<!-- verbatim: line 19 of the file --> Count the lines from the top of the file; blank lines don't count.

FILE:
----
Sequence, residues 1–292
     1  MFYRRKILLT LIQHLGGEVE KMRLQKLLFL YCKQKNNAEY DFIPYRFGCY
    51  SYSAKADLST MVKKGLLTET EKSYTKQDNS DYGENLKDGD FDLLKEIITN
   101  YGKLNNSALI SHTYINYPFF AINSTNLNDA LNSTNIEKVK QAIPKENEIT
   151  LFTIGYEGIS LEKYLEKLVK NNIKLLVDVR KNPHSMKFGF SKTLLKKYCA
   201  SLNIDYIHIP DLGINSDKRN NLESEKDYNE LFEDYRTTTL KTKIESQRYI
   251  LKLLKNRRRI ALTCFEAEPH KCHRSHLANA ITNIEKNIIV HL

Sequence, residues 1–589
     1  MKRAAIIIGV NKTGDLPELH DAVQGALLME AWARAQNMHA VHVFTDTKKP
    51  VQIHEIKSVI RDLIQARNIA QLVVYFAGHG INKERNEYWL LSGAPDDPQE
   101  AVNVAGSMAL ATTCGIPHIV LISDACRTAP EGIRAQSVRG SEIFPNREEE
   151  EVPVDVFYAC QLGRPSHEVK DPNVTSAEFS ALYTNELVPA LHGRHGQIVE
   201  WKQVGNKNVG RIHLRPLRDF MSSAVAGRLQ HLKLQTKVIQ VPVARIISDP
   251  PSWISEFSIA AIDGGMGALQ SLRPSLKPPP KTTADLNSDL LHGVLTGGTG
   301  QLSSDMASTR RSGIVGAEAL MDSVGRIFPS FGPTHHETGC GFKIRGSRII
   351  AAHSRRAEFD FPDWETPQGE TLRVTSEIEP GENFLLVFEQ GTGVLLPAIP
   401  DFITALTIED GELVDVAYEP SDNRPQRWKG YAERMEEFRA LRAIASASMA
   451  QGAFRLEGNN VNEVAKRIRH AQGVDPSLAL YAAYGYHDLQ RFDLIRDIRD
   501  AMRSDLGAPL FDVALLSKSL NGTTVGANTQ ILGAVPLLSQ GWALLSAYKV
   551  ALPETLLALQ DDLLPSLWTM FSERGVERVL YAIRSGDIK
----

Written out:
   501  AMRSDLGAPL FDVALLSKSL NGTTVGANTQ ILGAVPLLSQ GWALLSAYKV